The Communist Party dictated constraints such that filmmakers were required to shape reality into a narrative that appealed to the desires of Communist leaders. Socialist realist cinema became “idealized fabrications of life as it should be or as it should have been” (Ellis, 2012, p. 177).
Film Industries Are Nationalized
First, literature with socialist trends was established in the 1920s in Germany, France, Czechoslovakia, and Poland. Then following WWII, the film industries of Central Europe were controlled and censored: Poland and Czechoslovakia’s industries were nationalized in 1945, and Hungary’s industry re-nationalized in 1948.
Film production under nationalization had both positive and negative aspects. On the positive side, filmmakers were relieved from concerns about funding; and when national film schools were established, they benefited from greater collaboration than they might have experienced before that. As a group, they had access to all the films from their respective national cinemas, and some of the films of Italian Neorealism and the French New Wave, since those films were released in the late ’40s and ’50s. Further, the film schools brought together producers, directors, writers, and cinematographers of the pre-WWII generation, which made it possible to preserve their cumulative knowledge for succeeding generations (Eagle, 1992, p. 176).
At the beginning of nationalization, filmmakers were free to experiment with individualized styles, but soon after, on the negative side, filmmakers expressions were restricted due to government censorship. Imposing Soviet-style socialist realism in 1948 brought experimentation to a halt.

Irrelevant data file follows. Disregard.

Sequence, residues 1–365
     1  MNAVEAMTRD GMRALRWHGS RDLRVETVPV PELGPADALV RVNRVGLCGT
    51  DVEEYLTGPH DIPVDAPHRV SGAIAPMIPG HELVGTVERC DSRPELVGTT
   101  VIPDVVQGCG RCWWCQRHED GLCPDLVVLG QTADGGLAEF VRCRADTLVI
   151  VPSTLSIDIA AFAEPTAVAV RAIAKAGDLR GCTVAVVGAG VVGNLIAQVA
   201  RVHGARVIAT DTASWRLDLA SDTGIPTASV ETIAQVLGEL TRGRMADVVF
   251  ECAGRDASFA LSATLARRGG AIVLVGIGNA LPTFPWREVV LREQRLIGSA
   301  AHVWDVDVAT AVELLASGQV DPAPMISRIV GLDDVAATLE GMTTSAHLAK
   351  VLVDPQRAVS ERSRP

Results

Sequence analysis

Documentary and “cinéma vérité” approaches (allowing the camera to record what actually is) were discouraged as vulgar “naturalism,” and complex narrative structure and visual texture (including the techniques of symbolism and surrealism) were condemned as elitist formalism (Eagle, 1992, p. 176).
In our earlier studies of films in international settings, we have encountered works that were produced under other oppressive regimes. Can we understand more now about the artistic means that people have used to give expression to their stories and their anguish?
Socialist realism is a style of art that developed in the Soviet Union and became a dominant style in various other socialist countries. Socialist realism is characterized by the glorified depiction of communist values.
To identify a film as “Socialist Realism”:
- Reality is depicted in terms of its “revolutionary development,” i.e., social life is depicted not as it is, but according to official ideology;
- A film must serve the explicit, immediate needs of socialist construction by fostering appropriate attitudes;
- It must be didactic, clear, and relatively simple;
- The films’ assessment of situations, past or present, must be ultimately optimistic.
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Oleszczyk, M. (2012, Oct 13). Ashes are for ever. Retrieved from https://www.rogerebert.com/far-flung-correspondents/ashes-are-for-ever
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Toivola, J. (2012, Apr 13). Some critics have felt that Wajda’s symbolism runs the risk of reducing his films to crude political ‘finger-pointing’. Do you agree? Retrieved from https://jussisportfolio.blogspot.com/2012/04/some-critics-have-felt-that-wajdas.html